Density
      New Zoning Tools
      Green Design
      Environmentally Friendly
      Beyond 2000: Redevelop, stop sprawl
      Vision 20/20 Examine Zoning for Multiple Uses
      Reuse Historic Buildings
      Mixed Use 2nd Floor Residences Downtown
    • 21st Century Communities Have:
      Thriving Entertainment and Culture
      MML says: Third Places
      “1000” Nights
      Art, Music, Theater, Culture
      Beyond 2000: Promote a Cultural Environment
      Build Cultural Facilities (Several)
      Provide Diverse Cultural Activities
      Vision 20/20 Cafes, Specialty Shops (Third Places)
      Music, Dance, Theater, Festivals
      Public Art Installations
      Bandstand/Amphitheatre
    • 21st Century Communities Have:
      Targeted Economic Incentives
      MML says: Economic Gardening
      Incent Entrepreneurs
      Beyond 2000: Diversify Employment
      Proactive Toward Job Growth
      Redevelop Locally
      Vision 20/20 Encourage Start-Ups
      Recruit Wider Diversity of Business
      Target High-Tech
    • “We Will Work Toward Being a Community…”
      • Of safe and clean neighbourhoods with low crime rates and low vacancy rates that are inhabited by multi-generational owner-occupants.
      • Where economic opportunity for businesses offering good wages for employees is readily available.
      • With varied recreation opportunities funded by several sources and targeting children and teens.
      • With stable funding from a diverse tax base to finance the governmental services citizens need.
      • Where commercial and retail sectors providing varied shopping opportunities thrive.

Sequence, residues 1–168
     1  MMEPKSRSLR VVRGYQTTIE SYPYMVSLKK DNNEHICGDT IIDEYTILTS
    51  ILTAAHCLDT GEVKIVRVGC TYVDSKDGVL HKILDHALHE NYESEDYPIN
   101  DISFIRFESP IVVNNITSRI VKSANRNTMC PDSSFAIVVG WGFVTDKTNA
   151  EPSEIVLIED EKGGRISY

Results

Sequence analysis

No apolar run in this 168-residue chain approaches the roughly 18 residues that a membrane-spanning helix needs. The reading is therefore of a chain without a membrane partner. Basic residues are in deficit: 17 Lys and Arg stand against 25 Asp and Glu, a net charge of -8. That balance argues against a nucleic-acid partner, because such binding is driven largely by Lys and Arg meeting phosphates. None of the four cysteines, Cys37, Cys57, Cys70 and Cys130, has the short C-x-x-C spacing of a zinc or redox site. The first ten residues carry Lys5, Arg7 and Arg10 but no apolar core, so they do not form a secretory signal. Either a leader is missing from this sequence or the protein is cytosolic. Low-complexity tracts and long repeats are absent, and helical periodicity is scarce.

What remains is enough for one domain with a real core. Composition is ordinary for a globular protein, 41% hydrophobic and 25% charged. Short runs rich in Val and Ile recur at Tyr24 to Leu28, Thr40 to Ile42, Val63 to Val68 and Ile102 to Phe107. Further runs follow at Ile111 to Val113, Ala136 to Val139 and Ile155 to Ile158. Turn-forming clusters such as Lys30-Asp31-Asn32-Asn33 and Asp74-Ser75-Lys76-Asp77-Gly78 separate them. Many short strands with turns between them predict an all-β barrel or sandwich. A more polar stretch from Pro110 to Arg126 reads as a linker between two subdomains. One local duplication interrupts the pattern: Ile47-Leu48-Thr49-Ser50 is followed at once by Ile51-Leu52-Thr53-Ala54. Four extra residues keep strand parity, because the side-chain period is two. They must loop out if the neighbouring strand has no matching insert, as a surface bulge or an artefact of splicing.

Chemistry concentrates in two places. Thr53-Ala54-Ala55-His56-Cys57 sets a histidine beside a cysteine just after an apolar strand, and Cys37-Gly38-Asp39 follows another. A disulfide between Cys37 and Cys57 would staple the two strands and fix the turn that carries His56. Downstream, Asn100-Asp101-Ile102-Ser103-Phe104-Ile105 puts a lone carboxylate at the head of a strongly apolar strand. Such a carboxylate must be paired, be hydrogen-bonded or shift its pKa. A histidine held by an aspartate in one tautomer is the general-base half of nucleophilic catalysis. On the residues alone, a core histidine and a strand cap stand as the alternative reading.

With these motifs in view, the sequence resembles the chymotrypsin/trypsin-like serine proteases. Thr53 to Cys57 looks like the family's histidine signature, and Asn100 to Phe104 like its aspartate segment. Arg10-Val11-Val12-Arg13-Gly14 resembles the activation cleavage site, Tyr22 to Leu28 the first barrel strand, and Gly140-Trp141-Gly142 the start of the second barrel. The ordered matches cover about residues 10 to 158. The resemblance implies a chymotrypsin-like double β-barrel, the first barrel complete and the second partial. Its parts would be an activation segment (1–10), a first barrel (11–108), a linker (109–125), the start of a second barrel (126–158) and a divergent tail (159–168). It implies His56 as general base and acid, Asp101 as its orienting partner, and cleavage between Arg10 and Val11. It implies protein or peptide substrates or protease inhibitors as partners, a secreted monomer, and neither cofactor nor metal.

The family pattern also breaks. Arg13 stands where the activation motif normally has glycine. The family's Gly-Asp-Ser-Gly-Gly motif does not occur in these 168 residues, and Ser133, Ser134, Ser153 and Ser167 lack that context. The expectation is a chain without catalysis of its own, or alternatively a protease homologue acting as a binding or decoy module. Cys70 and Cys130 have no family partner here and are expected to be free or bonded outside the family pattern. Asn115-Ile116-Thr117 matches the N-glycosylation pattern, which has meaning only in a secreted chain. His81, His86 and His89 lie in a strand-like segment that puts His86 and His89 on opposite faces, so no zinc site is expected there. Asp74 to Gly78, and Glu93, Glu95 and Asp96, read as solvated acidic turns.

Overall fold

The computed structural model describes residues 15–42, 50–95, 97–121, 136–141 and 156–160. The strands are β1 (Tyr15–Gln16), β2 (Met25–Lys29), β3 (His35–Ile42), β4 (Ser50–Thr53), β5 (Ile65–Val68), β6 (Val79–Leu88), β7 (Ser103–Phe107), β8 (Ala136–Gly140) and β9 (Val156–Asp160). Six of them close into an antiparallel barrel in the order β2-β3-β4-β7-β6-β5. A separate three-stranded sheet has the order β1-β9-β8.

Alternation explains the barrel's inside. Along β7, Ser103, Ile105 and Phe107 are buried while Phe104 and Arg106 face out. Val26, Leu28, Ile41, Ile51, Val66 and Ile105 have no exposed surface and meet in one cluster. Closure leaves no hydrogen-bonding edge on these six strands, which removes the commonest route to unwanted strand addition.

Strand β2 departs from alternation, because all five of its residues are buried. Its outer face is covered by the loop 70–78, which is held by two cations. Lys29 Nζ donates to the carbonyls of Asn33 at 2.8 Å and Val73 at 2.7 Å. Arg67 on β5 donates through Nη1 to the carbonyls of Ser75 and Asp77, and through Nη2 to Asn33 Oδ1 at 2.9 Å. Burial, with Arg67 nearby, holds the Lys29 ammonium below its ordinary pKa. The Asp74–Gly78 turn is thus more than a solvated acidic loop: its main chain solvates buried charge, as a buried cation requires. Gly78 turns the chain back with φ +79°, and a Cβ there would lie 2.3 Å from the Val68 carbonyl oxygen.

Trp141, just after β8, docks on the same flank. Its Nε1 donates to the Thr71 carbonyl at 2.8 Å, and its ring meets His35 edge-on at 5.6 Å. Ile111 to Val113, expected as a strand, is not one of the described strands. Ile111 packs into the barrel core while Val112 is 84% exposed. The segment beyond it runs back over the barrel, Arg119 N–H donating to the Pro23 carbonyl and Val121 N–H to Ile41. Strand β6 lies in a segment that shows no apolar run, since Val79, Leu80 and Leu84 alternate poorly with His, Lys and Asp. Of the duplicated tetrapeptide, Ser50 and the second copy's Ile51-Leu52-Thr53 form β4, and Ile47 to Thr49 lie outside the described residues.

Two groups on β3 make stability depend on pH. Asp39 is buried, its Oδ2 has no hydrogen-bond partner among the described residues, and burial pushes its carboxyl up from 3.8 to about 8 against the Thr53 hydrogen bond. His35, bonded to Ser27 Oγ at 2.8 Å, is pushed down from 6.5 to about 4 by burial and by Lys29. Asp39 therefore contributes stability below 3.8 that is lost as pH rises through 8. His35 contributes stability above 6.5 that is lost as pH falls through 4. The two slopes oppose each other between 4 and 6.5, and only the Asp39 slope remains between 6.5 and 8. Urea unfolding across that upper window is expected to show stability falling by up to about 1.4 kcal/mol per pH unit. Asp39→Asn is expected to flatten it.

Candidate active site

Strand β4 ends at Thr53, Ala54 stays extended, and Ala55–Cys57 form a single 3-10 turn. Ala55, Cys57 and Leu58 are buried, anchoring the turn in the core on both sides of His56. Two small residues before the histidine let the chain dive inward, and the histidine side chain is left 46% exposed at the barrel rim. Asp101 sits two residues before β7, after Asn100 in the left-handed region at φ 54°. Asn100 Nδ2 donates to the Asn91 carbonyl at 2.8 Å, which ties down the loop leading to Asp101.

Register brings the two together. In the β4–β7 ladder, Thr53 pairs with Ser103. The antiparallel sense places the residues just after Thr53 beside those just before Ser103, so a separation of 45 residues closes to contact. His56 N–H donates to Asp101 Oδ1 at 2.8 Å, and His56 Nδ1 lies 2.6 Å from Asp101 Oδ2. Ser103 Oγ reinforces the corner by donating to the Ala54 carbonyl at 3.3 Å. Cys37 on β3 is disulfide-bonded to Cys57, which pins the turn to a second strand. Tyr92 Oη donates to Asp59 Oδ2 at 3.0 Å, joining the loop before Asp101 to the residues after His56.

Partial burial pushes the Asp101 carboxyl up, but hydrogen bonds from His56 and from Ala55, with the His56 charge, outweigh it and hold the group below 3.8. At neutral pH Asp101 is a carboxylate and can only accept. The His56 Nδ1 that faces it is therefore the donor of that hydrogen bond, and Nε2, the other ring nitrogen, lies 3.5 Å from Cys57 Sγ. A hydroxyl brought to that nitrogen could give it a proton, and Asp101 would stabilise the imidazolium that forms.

• That finds logical solutions to traffic congestion.
      • Where regionalized solutions are sought for governmental issues.
      • With an involved citizenry.
    • Parking Structure
    • Central Business District – Parking Lots
    • Parking Ramps in Other Cities
    • Parking Sketch
      Lincoln
      Mosher
      • Maintenance
      • Annual
      • One Time
      Types of Projects
      • Significant investment
      • Significant resources required to maintain
      • Some discretion on when/how much maintenance is done
      Maintenance Projects
    • Maintenance Examples
      • Playground Equipment
      • Renovation of Park Roads and Parking Lots
      • Renovation of Downtown Parking Lots
      • Replacement Sidewalks
      • Crack Sealing
      • Street reconstruction/ resurfacing
      • Sewer Relining
      • WWT Plant Improvements
      • Lift Station Improvements
      • Sewer Lead Rehabs
      • Cast Iron Watermains
      • Water Distribution System Improvements
      • Well rehabs
      • Hydrant replacements
      • Neighborhood Partnership Program
      • Storm Drain Maintenance
      • DPW Building Maintenance
      “New” Maintenance
      • Park Partnership
      • Park Medium Size Projects
      • New Sidewalks
      • Water Meter Replacements
      Annual
    • One Time Projects - 2010
      • Mission St. Investment – curb to property
      • Mission Street Enhancement - curb to curb 2011
      • Wayfinding
      • Bike Racks and Shelters
      • Downtown/Campus Connection
      • Neighborhood Mini-Circles
    • One Time (continued)
      • Generator Replacement
      • Fire Radios
      • Airport Land
      • 1 MG Reservoir
      • Water Plant Replacements
    • 2009 Mini-Stimulus
      • Moved up from 2011
      • Mosher Parking and Downtown Roundabout
      • Lincoln Parking
      • Wendrow: Highland to Greenbanks
      • Tomah: Forest to Center
      • Gaylord: Washington to Mission
      • Replacement sidewalks to be re-prioritized
      • Downtown/Campus Connection – design only
      • Michigan Street
      • Plan shows 2011
      • Will be done in 2009 due to Grant
      • Mini-stimulus Projects
      Flexibility of a Plan
      • Jockey Alley
      • Paving 2010
      • Wayfinding 2011
      • Bike Shelters 2011
      • Dumpsters 2011
      • Town Center 2012
      Interconnected-ness of Plan
    • Next Steps
      • Planning Commission recommended approval on May 7
      • Discussion by Commission tonight
      • Questions forwarded to Staff by _______
      • Public Hearing on May 26
      • Follow up presentation on May 26, if needed
      • Approval June 8